Each year in June, the Bank of England publishes its annual report which quotes financial data up to the end of February (its financial year-end). The Bank’s annual report also states the amount of gold, valued at a market price in Pounds sterling, that it holds under custody for its customers, which comprise central banks, international financial institutions, and LBMA member banks. Full Story

By: Rambus - 8 September, 2015

In this Weekend Report I’m going to take an indepth look at some the individual precious metals stocks so we can see where they’re at from a short to long term perspective. We’ll start by looking at some of the more important big cap PM stocks as the precious metals stock indexes can’t have a significant rally until this group is ready to run. Anything can happen in the very short term but the further you go out in time the less likely the big trend is going to change on a dime. Full Story

By: Harris Kupperman - 8 September, 2015

When a government chooses to fight against devaluation, the timing of the trade is made more difficult—however the first baby-devaluation shows that the direction is no longer towards a stronger CNY. History has repeatedly shown that once a currency changes direction, it usually goes much further than just a few percent. With China going through nearly 3% of its foreign reserves in August alone, clearly we’re entering a crescendo where the reserves will shrink faster and faster as locals realize that a larger devaluation is coming. Full Story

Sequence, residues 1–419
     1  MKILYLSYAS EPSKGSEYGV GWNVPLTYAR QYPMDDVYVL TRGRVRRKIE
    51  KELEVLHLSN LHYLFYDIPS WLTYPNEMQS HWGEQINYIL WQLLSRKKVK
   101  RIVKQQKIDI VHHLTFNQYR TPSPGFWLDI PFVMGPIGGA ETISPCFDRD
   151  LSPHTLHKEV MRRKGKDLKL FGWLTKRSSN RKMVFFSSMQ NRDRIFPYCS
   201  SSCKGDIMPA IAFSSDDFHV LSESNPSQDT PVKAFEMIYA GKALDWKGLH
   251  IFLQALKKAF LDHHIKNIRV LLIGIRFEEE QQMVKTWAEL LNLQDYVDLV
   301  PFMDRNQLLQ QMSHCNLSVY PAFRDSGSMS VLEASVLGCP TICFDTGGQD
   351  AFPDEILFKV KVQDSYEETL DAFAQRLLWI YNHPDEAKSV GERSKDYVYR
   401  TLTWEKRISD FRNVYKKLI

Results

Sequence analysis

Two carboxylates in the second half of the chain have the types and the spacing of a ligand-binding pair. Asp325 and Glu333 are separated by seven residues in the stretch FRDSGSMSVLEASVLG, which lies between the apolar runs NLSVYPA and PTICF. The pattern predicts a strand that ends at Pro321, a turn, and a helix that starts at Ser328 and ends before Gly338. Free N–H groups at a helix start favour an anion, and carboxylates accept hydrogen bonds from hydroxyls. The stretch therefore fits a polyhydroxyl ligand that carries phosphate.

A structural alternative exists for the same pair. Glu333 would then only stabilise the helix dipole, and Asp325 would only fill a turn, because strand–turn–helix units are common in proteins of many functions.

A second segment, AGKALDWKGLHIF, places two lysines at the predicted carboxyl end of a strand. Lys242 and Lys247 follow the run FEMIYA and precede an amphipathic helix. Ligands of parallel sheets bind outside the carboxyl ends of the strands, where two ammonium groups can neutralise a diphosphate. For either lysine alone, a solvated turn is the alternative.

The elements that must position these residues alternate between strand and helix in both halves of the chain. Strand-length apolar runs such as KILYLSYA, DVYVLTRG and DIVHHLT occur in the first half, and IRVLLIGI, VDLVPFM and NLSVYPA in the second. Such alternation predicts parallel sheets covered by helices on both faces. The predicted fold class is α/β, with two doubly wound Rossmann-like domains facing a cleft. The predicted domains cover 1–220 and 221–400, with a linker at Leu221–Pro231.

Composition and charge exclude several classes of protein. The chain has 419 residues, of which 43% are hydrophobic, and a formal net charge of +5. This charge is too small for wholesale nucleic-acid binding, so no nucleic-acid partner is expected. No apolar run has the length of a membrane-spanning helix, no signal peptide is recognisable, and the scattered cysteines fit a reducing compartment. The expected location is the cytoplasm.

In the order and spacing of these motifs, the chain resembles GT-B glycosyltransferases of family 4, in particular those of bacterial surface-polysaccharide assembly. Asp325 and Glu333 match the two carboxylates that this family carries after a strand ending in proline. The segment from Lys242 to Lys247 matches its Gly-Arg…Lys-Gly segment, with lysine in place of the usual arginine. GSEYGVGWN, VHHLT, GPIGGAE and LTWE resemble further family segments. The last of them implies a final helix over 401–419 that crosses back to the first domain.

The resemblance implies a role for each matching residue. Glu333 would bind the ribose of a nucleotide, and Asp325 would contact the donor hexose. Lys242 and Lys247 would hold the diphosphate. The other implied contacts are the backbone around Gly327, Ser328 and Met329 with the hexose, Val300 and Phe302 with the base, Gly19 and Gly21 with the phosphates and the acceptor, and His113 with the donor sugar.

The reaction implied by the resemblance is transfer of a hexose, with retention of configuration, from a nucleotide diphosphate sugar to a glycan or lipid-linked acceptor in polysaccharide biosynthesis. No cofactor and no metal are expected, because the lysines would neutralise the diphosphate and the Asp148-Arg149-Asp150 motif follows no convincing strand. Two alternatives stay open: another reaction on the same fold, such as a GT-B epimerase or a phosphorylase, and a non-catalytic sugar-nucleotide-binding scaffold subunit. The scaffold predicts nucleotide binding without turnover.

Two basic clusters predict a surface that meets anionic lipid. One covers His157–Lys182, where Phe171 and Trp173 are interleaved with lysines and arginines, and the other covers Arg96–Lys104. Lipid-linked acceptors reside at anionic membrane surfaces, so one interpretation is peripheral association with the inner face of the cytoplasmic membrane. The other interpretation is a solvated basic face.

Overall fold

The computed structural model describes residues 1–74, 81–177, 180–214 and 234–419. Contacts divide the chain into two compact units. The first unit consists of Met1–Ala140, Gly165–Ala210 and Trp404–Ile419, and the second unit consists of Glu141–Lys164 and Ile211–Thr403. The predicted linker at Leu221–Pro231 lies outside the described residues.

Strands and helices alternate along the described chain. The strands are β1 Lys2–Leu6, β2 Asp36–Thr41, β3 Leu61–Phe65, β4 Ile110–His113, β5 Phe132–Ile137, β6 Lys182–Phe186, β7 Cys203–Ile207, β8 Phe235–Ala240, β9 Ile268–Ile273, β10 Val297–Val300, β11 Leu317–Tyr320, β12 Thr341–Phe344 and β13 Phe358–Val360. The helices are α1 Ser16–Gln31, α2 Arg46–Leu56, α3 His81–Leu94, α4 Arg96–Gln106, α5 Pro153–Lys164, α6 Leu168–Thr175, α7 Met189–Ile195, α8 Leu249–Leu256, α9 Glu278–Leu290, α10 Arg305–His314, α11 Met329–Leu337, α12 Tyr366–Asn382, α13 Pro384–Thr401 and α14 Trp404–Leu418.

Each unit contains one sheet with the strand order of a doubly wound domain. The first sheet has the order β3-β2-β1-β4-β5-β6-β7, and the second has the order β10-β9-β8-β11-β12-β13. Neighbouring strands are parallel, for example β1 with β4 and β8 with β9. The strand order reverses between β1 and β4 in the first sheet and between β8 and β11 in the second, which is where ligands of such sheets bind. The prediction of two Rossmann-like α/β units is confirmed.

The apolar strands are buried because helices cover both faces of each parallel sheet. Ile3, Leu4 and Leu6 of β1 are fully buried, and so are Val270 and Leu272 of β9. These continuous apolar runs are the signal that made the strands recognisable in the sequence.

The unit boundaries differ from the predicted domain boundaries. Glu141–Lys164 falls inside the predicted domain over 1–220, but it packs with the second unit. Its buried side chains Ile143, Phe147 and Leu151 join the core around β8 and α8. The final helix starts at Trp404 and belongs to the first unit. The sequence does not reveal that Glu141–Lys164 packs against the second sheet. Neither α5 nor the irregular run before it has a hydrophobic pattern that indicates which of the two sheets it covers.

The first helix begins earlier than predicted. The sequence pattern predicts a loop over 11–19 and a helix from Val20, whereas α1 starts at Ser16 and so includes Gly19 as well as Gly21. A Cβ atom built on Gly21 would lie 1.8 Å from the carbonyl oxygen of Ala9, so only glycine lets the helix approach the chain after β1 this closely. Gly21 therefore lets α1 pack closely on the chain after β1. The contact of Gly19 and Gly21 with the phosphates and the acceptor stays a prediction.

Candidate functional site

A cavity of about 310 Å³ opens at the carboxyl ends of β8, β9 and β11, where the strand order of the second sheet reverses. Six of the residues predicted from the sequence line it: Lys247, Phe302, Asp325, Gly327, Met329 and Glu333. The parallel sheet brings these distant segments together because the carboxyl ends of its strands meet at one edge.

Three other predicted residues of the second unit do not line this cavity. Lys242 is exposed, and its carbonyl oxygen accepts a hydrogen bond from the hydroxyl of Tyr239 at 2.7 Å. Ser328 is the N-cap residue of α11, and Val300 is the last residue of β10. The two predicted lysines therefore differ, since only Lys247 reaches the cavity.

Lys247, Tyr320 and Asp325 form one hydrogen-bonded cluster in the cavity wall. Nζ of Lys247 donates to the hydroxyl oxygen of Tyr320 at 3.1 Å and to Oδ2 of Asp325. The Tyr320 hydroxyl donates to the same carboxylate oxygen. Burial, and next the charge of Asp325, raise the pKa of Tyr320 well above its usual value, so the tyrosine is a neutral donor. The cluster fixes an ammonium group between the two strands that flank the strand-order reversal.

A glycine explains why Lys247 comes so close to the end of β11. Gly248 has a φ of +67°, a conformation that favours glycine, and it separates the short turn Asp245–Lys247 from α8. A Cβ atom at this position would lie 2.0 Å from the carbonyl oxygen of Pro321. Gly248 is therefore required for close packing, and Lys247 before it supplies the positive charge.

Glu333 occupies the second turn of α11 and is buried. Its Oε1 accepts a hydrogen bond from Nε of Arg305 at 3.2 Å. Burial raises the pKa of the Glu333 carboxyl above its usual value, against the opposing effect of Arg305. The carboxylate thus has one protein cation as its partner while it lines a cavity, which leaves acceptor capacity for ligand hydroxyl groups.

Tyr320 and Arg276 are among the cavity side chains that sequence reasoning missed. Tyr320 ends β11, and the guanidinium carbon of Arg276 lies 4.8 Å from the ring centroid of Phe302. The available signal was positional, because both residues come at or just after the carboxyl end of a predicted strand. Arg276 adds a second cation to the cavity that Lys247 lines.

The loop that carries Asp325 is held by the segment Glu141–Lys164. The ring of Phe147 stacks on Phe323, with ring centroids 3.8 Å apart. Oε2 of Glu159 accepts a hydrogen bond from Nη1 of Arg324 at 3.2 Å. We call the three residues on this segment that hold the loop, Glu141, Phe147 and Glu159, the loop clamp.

By: Rick Ackerman, Rick's Picks - 8 September, 2015

So where does liquid capital go for storage? Seeing this set of conditions develop, I posted here during the spring that the bottom in gold would be seen before Labor Day. I have since had second thoughts, in part because of the technical analysis we have seen in Rick’s Picks; and in part because I know that negotiations in D.C. offer the prospect of settlement of the shutdown issues. However, at present I am a little more negative than I was several weeks ago, and I see the current spending situation as a small part of the long-term federal fiscal crisis. Full Story

By: radio.GoldSeek.com - 7 September, 2015

James Turk of GoldMoney.com returns to the program with less than sanguine comments on the equities markets.
A 2008 credit crisis redux appears imminent, due to reckless debt levels, domestically and around the globe.
Our guest says the Fed may raise rates by a token percentage this month and in December, and if so, the blowback will be monumental in scale, perhaps even toppling the entire economic edifice.